From WikiLeaks’ Clinton Email Archive

The New York Times’ chief military correspondent met secretly with State Department in 2010 to bury Iraq War Logs

A 2010 correspondence found in the WikiLeaks Hillary Clinton Email Archive reveals that Michael R. Gordon of the New York Times met secretly with US State Department officials prior to the newspaper’s coverage of WikiLeaks’ Iraq War Logs. The correspondence was made public by WikiLeaks’ release of emails from a private, unsecured server used by Democratic presidential candidate Hillary Clinton during her time as Secretary of State in the Obama administration.

In view of the Times’ long record of parroting the official line of the Pentagon and the intelligence agencies, the revelation that the US government has become the paper’s unofficial editor comes hardly as a surprise.

The purpose of Gordon’s meeting with officials of the State Department was nothing other than damage control: to warn them of what to expect far enough in advance to adjust their press releases accordingly, while making every assurance that his paper would cherry-pick leaked documents to spin coverage in favor of American foreign policy while burying its most criminal offenses.

The hundreds of thousands of documents detailing war crimes in Iraq—now known as the Iraq War Logs—were obtained by WikiLeaks from whistleblower Chelsea Manning. A private in the US Army at the time of the leaks, Manning has been treated with marked cruelty and brutality at the hands of the US government. She is now serving a sentence of 35 years and may be kept in solitary confinement indefinitely.

The revelation of the correspondence again makes clear the degree to which the “fourth estate” is completely integrated into the capitalist state. Notwithstanding the sheer level of cynicism contained within the brief report, one is given a sense of just how much is the total subservience of the so-called “free press” to Washington’s military-intelligence apparatus. Names such as Barack Obama, Hillary Clinton, John Brennan (director of the CIA) and Keith Alexander (director of the NSA) may as well be added to the masthead of every major American newspaper.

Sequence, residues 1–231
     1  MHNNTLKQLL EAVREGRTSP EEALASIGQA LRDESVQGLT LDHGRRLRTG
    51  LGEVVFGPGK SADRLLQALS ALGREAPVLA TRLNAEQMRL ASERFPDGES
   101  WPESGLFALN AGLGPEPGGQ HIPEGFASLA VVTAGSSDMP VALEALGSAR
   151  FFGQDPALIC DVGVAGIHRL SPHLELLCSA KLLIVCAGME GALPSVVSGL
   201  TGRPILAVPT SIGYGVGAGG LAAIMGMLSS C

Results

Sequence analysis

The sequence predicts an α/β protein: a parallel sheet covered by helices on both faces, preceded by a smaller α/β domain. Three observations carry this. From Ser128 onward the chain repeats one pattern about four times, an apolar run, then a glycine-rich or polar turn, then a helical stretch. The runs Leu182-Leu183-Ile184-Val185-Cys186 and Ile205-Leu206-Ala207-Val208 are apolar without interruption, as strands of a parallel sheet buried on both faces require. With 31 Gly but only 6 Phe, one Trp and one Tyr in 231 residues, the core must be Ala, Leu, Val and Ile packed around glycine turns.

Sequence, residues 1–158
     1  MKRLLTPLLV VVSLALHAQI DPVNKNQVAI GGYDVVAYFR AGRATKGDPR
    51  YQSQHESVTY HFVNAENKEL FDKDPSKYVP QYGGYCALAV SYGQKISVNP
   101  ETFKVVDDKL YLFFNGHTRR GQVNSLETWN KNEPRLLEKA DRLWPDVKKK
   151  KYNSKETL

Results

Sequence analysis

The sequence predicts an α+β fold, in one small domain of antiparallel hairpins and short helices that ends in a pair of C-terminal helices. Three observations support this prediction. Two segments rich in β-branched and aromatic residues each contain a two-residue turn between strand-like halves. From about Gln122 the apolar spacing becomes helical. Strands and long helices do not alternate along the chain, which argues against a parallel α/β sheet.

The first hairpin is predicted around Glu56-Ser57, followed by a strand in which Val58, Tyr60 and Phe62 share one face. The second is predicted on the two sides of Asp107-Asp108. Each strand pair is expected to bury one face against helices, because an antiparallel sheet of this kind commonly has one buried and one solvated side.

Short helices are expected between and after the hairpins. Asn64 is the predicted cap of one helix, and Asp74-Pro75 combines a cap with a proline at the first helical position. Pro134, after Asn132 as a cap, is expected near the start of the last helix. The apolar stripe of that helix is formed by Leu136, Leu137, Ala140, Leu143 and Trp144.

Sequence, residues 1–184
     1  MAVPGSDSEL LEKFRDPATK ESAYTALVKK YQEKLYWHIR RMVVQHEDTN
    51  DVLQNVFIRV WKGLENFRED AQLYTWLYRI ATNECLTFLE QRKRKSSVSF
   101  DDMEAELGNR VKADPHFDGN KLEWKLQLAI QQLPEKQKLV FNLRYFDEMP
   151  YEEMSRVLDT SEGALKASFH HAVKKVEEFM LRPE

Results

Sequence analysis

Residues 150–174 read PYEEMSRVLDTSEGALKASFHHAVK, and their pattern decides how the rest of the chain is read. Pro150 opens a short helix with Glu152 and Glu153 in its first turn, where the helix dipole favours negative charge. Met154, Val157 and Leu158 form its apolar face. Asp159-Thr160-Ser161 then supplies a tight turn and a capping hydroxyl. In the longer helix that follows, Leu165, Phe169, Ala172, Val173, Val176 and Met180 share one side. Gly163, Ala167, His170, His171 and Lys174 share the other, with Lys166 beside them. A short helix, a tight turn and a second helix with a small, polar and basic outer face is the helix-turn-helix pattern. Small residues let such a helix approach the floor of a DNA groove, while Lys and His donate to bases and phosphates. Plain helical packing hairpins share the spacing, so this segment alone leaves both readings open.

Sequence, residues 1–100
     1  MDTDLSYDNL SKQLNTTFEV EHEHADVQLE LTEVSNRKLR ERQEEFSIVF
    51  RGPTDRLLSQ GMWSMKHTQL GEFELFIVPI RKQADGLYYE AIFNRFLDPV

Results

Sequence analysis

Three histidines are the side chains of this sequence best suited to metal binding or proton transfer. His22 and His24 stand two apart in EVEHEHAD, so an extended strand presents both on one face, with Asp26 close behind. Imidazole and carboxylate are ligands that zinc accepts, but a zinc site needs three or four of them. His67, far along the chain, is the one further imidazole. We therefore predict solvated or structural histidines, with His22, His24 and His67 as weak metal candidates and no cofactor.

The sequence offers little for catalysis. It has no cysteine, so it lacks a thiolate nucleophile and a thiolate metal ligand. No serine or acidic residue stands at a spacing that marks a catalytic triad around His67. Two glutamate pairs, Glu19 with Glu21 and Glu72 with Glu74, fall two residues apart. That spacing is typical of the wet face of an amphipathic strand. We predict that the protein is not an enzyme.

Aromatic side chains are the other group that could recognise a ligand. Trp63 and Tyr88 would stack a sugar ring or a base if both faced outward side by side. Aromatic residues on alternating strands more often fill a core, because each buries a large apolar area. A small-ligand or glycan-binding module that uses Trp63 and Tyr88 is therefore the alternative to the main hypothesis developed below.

Gordon, the Chief Military Correspondent for the Times, has a long history of service to US imperialism. He gained notoriety in 2002 after co-writing a story with Judith Miller that put forward the bogus claim that Saddam Hussein was procuring aluminum tubes to further a nonexistent nuclear weapons program. During the first phase of the Iraq War, he was the only journalist embedded with the Allied Command.

For his part, Gordon’s coverage of the WikiLeaks documents over the rest of 2010 was extraordinarily tame, focusing only on details that presented American foreign policy in a favorable light. In one article, he invoked WikiLeaks to accuse the government of Syrian President Bashar Al-Assad of funneling weapons to Hezbollah. Others included stories which accused both Iran and Syria of “meddling” in Iraq, accused Ukraine (then under since-ousted President Yanukovych) of illegally selling arms to southern Sudan, and criticized France’s attempt to sell a Mistral ship to Russia.

The email in question held the subject line “WIKILEAKS - OSD/PA MEETING WITH MICHAEL GORDON OF NYT” and was written on October 20, 2010, two days before the official release of the documents to the Internet. The email appears to have been written by a lower-level State Department official and was then forwarded to Clinton by Jake Sullivan, former Deputy Assistant to President Barack Obama, National Security Advisor to Vice President Joe Biden, and Deputy Chief of Staff to former Secretary of State Hillary Clinton. He is now top foreign policy advisor to Hillary Clinton’s 2016 election campaign.